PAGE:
Amodei, Heller diss monuments
Two of Nevada’s congressmembers didn’t waste any time. U.S. Sen. Harry Reid left office on Jan. 3. On Jan. 4, U.S. Rep. Mark Amodei and U.S. Sen. Dean Heller introduced legislation to prevent presidential action “designating or expanding national monuments without Congressional approval or local support.”
Reid was instrumental in convincing President Obama to designate two new national monuments for Nevada—Basin and Range and Gold Butte.
In a prepared statement, Heller called them “unilateral federal land grabs by the executive branch,” and saying they “should not be allowed. Public input and local support remain critical to the decision-making process of federal land designations.”
Amodei said in his statement, “Whether you agree with our proposals or not, I have always supprted a public and transparent process which includes input from interest groups, local communities and elected representatives. Unlike all of our Nevada lands bills that allow stakeholders an opportunity to voice their concerns and ultimately reach a consensus agreement that achieves bipartisan support, the Obama administration has repeatedly bypassed Congress and local input.”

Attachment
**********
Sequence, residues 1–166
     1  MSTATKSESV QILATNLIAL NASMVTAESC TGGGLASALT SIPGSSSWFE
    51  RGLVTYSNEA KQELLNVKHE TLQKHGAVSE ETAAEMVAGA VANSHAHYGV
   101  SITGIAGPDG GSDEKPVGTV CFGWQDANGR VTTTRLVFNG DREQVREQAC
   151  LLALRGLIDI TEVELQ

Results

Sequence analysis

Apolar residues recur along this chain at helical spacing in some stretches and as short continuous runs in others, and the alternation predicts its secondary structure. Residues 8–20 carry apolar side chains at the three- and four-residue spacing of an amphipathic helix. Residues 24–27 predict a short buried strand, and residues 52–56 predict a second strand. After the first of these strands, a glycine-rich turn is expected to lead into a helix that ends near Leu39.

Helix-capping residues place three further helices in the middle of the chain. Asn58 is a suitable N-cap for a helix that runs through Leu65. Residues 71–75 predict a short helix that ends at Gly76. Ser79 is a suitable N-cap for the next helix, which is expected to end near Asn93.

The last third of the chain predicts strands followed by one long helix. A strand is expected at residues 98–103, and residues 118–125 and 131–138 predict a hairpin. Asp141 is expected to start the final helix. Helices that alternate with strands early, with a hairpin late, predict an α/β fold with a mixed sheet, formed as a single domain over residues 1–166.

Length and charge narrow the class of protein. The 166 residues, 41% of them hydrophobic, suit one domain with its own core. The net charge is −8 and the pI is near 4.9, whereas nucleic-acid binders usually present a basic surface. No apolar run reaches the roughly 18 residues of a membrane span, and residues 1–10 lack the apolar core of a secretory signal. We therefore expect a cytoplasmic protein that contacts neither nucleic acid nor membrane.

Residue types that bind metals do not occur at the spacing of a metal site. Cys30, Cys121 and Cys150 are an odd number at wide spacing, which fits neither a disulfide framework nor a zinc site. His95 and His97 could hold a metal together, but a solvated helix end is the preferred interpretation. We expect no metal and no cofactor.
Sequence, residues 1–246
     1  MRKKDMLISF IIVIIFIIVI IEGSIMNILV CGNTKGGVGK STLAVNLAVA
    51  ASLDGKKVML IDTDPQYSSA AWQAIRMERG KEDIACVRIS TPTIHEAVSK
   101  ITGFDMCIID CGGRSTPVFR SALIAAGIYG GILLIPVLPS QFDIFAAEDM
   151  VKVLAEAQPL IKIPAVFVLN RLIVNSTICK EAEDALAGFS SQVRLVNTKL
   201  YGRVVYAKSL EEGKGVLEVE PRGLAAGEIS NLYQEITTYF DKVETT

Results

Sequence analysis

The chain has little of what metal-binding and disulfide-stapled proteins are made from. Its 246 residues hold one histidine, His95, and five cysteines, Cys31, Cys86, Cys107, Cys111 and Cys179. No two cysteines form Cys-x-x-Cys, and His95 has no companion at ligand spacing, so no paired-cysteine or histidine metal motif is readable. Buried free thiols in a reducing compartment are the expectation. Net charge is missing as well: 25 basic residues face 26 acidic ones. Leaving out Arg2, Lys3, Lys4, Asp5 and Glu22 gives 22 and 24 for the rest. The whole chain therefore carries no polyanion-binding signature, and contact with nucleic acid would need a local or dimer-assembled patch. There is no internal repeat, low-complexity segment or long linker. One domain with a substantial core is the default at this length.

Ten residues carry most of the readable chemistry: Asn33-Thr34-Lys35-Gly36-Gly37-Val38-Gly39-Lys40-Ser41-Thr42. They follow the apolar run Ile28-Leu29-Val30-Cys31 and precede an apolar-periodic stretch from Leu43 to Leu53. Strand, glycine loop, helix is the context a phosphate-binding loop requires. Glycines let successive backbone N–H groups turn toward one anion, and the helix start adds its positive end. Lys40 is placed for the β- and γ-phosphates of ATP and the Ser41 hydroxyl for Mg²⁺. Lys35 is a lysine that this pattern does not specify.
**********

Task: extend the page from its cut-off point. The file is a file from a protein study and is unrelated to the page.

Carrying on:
However, defenders of Obama’s action say Heller and Amodei are rewriting history, that public input was obtained. For instance, in a letter to the editor on page 3 of this edition, Cathy Schmidt of Reno writes that “Gold Butte’s advocates worked with local governments, sportsmen, off-road enthusiasts, opposition voices, supporters, and so many more to ensure that there was a well-balanced proposal to protect Gold Butte where all voices were heard. Governor Sandoval is even on record of having input. To paraphrase Rep. Dina Titus from Las Vegas, who has been a champion for Gold Butte, the only people who say there wasn’t public input around Gold Butte’s designation are just those who are opposed to it.”